On Tuesday 14 March, protesters from Housing Rebellion will meet in London to conduct “unannounced site visits” of property companies and landlords. The move is set to shine a light on practices which aren’t just bad for tenants but also deadly for the planet:
— @Homes4AllUK (@homes4alluk) March 5, 2023
Rebellion against landlords
Housing Rebellion is a new offshoot of Extinction Rebellion (XR). The group exists to highlight the fact that many of the anti-tenant policies that landlords get away with are also having an enormous impact on the environment. The protest will coincide with the opening day of MIPIM (Le Marché International des Professionnels de L’immobilier). This is the “world’s largest property fair”, according to the group. They add that MIPIM has:
controversially attracted politicians from across local and national governments to strike lucrative deals with private companies on public land and housing.
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The organisers also said:
The agenda has lots of guff about climate change and affordable housing, but according to ‘London at MIPIM’ their aim is to promote the “investment potential the city is able to offer global capital”.
We suspect Global Capital measures their investment returns in cold hard cash (not in units of carbon saved or in the number of people securely housed), so Housing Rebellion has decided to take a closer look at some of these companies being courted by our elected representatives.
The protesters outlined some of the survey questions they intend to pose to the companies:
- Is this company involved in the demolition of social housing? displacing communities and leading to the waste of huge amounts of embodied carbon.
- Does this company create new buildings which use polluting resources and building methods? instead of prioritising refurbishment, recycling and sustainable materials.
- Does this company engage in shameless greenwashing? Eg. talking about zero-carbon buildings without accounting for any of the emissions created by the materials or building methods in construction, resulting from demolition, or paid for by ‘carbon offsets’; talking about biodiversity while felling mature trees.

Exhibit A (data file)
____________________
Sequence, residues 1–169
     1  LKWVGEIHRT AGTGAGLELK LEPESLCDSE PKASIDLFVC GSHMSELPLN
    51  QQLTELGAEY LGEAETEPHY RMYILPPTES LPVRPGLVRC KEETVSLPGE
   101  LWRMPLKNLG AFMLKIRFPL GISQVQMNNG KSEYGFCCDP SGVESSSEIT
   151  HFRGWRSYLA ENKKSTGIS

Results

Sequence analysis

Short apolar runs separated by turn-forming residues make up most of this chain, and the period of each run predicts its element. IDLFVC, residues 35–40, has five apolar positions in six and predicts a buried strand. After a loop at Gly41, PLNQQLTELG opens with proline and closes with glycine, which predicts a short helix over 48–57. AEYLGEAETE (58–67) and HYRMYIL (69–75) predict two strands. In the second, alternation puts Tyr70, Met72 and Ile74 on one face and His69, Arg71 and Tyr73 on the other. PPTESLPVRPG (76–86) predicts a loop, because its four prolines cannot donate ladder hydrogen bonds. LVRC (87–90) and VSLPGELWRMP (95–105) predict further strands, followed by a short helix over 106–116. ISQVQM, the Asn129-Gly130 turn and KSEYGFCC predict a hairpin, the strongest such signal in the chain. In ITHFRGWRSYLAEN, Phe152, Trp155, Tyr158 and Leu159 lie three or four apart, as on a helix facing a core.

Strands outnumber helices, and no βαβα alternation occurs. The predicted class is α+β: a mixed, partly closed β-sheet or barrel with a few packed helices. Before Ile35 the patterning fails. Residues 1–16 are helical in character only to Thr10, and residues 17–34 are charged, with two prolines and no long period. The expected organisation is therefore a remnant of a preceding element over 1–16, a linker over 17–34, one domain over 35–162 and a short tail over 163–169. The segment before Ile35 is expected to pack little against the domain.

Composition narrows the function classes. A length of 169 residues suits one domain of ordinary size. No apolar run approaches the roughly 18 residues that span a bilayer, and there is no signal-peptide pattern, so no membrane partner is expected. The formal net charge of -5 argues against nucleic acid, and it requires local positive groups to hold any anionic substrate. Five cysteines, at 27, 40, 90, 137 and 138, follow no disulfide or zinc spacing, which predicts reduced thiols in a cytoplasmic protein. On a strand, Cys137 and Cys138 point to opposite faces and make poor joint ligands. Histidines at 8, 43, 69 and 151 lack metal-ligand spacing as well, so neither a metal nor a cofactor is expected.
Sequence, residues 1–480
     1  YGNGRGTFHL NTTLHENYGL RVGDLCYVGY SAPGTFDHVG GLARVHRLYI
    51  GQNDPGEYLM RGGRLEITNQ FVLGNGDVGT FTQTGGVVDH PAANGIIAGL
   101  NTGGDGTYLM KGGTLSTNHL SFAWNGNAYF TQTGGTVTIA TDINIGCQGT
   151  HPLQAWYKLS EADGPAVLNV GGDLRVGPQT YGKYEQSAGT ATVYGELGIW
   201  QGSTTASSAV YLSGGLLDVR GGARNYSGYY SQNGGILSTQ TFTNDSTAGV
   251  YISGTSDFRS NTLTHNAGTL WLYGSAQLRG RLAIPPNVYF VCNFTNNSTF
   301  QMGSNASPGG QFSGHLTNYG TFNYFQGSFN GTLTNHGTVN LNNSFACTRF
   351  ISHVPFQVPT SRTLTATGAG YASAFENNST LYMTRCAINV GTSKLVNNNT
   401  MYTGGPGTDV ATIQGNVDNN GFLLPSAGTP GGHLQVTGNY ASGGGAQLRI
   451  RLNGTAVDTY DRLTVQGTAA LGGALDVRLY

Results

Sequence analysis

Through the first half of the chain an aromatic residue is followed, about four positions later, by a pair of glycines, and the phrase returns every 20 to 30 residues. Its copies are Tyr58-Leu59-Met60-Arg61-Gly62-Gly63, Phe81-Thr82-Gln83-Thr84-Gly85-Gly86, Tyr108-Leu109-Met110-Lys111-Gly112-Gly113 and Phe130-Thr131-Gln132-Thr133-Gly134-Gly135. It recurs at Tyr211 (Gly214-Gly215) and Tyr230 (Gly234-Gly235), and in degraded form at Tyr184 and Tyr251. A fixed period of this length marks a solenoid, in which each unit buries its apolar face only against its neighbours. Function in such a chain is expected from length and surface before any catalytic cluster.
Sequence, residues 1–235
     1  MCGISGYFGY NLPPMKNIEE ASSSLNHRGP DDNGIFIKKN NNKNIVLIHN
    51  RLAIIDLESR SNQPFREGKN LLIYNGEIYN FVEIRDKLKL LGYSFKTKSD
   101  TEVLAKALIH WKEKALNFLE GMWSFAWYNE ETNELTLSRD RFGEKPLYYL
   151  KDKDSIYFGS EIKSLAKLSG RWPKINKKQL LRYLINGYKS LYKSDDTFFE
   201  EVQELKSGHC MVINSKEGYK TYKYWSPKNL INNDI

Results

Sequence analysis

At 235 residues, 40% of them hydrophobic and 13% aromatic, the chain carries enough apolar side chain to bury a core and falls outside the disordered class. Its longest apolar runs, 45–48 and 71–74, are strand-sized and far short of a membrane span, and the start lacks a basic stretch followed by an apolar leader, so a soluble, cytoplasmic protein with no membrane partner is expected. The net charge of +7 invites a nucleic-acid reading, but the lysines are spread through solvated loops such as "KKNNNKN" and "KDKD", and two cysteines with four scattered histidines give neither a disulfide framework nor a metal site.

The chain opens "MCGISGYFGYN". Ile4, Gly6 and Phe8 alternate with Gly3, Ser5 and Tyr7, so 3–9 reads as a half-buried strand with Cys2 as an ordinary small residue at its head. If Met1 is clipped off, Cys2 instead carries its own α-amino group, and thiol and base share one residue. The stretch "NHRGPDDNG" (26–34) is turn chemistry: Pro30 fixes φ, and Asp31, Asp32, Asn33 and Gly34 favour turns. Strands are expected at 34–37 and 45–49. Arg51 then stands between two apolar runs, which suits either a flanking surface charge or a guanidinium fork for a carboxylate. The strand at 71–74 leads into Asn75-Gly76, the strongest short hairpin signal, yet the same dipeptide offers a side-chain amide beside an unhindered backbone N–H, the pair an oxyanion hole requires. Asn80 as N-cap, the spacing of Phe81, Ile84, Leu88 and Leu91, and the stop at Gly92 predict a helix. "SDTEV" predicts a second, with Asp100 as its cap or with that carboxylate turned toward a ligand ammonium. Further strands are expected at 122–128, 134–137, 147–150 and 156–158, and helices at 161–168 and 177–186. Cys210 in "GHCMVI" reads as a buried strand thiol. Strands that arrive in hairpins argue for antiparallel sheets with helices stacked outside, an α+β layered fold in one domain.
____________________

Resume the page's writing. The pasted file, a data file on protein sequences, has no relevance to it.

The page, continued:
- Does this company create housing which is unaffordable to the majority of people? leading to even greater waste of resources by selling to speculators and wealthy elites who use them as second homes, luxury holiday lets, or even leave them empty as a store of wealth.
- Does this company recruit staff who have previously worked in local government or pay huge donations to sitting politicians? undermining democracy and corrupting the planning process to prioritise profit over the interests of people and our planet.
The organisers also outlined their demands – termed “Enforcement Actions” – for when companies were found to be at fault:
- SHUT THEM DOWN
2. Refurbish Don’t Demolish
3. Create low-energy, low-cost, warm, dry homes for all
4. Housing for people and planet not profit
A press release from Housing Rebellion featured quotes from those who’ve chosen to speak out against landlords.
Among them was Andrea, who works with homeless people in London:
I am protesting against the developers because the housing they’re building is unaffordable, unsafe and leading people to be placed outside of their community networks because they can’t afford to live in these homes
Meanwhile, Johnnel was angry that his home is due to be demolished by a housing association:
Despite the ongoing whopping cost of living crisis battering the wallets and purses of everyone, Peabody still has greedy eyes on our properties – not to improve them for us, but to drive us off and use the land to build more expensive housing beyond the pockets of the residents. This is an unfit dreadful project in this economic turmoil and only callous people can advocate this madness.
Likewise, Alex’s landlords recently evicted them in a no-fault eviction:
I’m protesting against developers because since being evicted with eleven others from my home of two years in Wimbledon, I have looked at new developments in south London in vain for a new home, discovering they are a pyramid-selling scheme; shared ownership is for people with a minimum income of £30,000 nearly twice my income, and rented flats have required an income of £8,000 more than my teaching assistant salary.
Finally, Sabine is campaigning for her estate in Lambeth to be refurbished not demolished:
Savills is a yellow thread that runs through the destruction of social housing in Lambeth and other local authorities in the UK. The company submitted to the Government a paper on unlocking huge revenue by redeveloping council estates that has also fed into local government policy. It carries out housing stock assessments for councils and advises them on their future housing plans. At the same time, Savills has a massive portfolio of investors ready to benefit from the thousands of luxury homes built in these developments.
The action will take place at 12 noon on Tuesday 14 March in the Millennium Gardens beside Waterloo Station (opposite the Old Vic).
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